Landscape Ecology

, Volume 29, Issue 1, pp 127–139

Landscape characteristics explain large-scale variation in demographic traits in forest grouse

Authors

    • Department of Forestry and Wildlife ManagementHedmark University College
    • Department of Wildlife, Fish, and Environmental Studies, Faculty of Forest SciencesSwedish University of Agricultural Sciences
    • Organic Food and FarmingBioforsk - Norwegian Institute for Agricultural and Environmental Research
  • Ivar Herfindal
    • Department of Biology, Centre for Biodiversity DynamicsNorwegian University of Science and Technology
  • Tomas Willebrand
    • Department of Forestry and Wildlife ManagementHedmark University College
    • Department of Wildlife, Fish, and Environmental Studies, Faculty of Forest SciencesSwedish University of Agricultural Sciences
  • Pål F. Moa
    • Department of Agriculture and Information TechnologyNorth Trøndelag University College
  • Torstein Storaas
    • Department of Forestry and Wildlife ManagementHedmark University College
Research Article

DOI: 10.1007/s10980-013-9960-3

Cite this article as:
Lande, U.S., Herfindal, I., Willebrand, T. et al. Landscape Ecol (2014) 29: 127. doi:10.1007/s10980-013-9960-3

Abstract

The effects of landscape composition on species and populations have become increasingly important due to large and rapid habitat changes worldwide. In particular, concern is raised for several forest-dwelling species such as capercaillie and black grouse, because their habitats are continuously changing and deteriorating from human development. Conservation of these species is linked to sustainable forest management that seeks to benefit multiple species, which demands knowledge about demographic rates in relation to forest composition and structure. We related the spatial variation in adult density and chick production of capercaillie and black grouse to landscape characteristics from 13 areas within the boreal forest of Norway. Linear mixed effects models showed that black grouse and capercaillie had similar associations to landscape characteristics. Adult density of both species was positively related to the proportion of old forest (>80 years), but only if the area had large proportions of mid to high productive forests. Chick production was negatively related to the proportion of old forest, but positively to habitat diversity and more so for black grouse compared to capercaillie. However, the result for chick production suggest that other forest types also are important, and that forest grouse needs a variety of habitats during their life history stages. Management that seeks to simultaneously conserve populations of black grouse and capercaillie needs to ensure a matrix of various forest types. A special focus must be on the critical life history of local populations to successfully preserve viable populations, for black grouse and capercaillie this implies protection of old and mid to high productive forest while keeping a heterogeneous landscape.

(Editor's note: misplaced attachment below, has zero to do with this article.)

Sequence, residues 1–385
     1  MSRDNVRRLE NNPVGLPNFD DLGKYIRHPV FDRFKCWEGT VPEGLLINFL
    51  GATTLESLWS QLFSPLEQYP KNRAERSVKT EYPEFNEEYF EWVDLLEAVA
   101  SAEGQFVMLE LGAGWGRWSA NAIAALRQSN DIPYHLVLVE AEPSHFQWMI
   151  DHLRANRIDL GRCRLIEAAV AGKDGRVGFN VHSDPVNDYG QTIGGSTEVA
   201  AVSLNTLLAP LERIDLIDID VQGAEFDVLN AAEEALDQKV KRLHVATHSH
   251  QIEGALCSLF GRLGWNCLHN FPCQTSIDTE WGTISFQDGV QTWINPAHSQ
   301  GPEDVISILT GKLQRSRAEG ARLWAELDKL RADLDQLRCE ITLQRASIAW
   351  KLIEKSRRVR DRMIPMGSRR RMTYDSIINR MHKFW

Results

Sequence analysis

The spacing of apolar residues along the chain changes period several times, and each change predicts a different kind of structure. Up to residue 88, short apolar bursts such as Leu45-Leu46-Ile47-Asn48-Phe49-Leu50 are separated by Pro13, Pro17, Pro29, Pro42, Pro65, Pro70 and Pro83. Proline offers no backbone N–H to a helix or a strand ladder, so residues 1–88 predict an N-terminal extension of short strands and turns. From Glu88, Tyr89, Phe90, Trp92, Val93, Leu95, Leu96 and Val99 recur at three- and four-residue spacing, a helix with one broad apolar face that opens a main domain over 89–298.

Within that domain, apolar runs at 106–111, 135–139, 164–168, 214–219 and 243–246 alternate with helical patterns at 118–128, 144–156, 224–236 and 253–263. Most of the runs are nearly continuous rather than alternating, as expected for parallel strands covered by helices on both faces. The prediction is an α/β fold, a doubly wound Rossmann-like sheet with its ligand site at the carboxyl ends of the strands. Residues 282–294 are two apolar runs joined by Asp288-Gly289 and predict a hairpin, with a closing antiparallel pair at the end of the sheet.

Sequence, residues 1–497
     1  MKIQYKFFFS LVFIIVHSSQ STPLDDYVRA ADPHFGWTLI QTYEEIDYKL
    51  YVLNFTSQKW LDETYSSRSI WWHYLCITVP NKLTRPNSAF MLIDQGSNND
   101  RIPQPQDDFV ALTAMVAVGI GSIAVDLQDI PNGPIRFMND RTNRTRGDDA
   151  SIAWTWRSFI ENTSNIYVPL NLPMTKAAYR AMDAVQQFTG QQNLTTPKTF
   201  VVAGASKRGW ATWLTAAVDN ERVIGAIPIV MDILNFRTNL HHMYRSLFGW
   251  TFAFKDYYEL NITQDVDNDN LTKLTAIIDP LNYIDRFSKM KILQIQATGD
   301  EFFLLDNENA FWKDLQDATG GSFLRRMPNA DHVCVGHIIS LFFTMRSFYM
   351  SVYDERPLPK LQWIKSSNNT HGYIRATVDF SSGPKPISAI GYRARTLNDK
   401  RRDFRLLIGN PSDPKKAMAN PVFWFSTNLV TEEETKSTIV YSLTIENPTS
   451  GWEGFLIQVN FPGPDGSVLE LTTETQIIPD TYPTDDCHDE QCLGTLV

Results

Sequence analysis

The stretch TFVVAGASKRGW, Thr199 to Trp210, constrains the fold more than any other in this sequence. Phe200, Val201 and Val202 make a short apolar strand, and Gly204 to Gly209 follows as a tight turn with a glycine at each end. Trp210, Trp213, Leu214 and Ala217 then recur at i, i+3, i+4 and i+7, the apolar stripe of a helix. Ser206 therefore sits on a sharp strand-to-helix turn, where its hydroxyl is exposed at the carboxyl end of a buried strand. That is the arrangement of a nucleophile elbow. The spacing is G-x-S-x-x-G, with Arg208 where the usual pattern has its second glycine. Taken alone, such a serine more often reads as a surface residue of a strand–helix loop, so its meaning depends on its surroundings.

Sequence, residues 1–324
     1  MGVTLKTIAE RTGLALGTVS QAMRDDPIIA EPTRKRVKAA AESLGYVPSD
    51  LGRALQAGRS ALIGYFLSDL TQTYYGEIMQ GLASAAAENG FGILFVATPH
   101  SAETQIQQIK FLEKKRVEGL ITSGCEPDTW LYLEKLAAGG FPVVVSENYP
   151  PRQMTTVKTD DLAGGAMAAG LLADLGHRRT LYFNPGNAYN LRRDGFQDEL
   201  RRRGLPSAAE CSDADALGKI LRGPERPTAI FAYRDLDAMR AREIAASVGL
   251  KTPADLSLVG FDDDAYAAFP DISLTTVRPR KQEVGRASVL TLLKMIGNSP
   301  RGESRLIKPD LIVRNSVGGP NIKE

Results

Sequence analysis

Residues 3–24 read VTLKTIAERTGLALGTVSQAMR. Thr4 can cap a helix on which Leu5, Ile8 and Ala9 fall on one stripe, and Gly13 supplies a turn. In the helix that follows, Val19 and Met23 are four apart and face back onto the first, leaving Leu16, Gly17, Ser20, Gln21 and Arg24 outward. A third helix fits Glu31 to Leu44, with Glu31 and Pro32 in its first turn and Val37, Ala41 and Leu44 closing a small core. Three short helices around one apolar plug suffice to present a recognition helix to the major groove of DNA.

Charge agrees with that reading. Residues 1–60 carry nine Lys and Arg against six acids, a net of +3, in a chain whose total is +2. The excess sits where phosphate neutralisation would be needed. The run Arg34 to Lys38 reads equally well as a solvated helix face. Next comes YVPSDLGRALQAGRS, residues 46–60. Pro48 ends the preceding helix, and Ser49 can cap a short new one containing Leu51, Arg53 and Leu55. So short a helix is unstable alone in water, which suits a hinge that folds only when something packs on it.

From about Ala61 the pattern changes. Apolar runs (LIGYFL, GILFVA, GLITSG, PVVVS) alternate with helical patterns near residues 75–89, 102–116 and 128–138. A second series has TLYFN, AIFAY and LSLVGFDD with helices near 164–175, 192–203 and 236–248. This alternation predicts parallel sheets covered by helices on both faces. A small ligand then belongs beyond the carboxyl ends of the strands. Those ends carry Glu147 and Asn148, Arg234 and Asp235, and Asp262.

Keywords

Adult densityChick productionForest compositionLandscape heterogeneityTetrao tetrixTetrao urogallusWildlife ecology

Supplementary material

10980_2013_9960_MOESM1_ESM.docx (79 kb)
Supplementary material 1 (DOCX 79 kb)

Copyright information

© Springer Science+Business Media Dordrecht 2013